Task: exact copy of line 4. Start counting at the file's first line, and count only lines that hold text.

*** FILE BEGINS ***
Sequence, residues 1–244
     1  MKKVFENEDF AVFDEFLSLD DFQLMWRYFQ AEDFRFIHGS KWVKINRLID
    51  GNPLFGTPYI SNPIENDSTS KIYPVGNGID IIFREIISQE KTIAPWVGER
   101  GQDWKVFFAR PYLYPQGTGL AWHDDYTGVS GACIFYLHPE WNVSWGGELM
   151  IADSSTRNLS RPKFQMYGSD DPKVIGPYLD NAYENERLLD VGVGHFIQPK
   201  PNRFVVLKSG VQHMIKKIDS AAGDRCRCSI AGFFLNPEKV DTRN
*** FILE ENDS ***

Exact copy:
   101  GQDWKVFFAR PYLYPQGTGL AWHDDYTGVS GACIFYLHPE WNVSWGGELM